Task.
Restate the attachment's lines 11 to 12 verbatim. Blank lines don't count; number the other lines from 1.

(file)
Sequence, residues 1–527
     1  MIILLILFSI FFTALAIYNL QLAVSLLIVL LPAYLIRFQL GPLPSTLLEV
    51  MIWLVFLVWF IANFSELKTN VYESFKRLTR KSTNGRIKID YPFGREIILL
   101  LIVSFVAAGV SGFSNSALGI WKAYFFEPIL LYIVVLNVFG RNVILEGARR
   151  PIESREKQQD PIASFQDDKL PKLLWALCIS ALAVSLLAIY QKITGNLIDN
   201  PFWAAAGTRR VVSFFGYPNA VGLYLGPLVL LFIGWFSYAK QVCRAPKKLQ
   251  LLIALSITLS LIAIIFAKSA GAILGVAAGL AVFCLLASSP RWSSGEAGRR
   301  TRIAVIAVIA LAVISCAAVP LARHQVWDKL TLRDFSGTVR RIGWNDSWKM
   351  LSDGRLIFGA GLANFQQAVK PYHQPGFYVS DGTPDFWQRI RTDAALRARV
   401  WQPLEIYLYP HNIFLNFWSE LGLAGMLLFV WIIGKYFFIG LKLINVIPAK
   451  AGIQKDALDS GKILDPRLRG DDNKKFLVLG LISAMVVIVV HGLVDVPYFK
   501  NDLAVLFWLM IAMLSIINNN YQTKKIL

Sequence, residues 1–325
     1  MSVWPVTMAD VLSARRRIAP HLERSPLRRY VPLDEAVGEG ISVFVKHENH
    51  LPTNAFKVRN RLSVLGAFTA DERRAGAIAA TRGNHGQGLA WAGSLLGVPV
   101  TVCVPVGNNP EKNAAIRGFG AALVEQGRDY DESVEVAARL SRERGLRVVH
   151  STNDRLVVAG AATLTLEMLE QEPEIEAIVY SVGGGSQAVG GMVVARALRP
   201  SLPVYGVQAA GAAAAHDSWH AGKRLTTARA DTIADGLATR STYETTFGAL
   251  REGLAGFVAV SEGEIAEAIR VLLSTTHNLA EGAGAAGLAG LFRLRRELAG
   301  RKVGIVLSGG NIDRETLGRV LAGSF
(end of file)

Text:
   451  AGIQKDALDS GKILDPRLRG DDNKKFLVLG LISAMVVIVV HGLVDVPYFK
   501  NDLAVLFWLM IAMLSIINNN YQTKKIL